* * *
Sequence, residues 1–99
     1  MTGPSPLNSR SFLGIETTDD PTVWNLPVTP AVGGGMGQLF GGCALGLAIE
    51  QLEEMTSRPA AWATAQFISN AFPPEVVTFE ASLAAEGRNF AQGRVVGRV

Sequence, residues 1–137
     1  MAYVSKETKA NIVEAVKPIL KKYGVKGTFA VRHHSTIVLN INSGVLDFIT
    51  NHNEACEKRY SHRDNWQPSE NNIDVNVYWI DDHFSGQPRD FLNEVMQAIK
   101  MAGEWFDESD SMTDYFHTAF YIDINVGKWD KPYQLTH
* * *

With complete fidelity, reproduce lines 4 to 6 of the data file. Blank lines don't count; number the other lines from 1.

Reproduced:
Sequence, residues 1–137
     1  MAYVSKETKA NIVEAVKPIL KKYGVKGTFA VRHHSTIVLN INSGVLDFIT
    51  NHNEACEKRY SHRDNWQPSE NNIDVNVYWI DDHFSGQPRD FLNEVMQAIK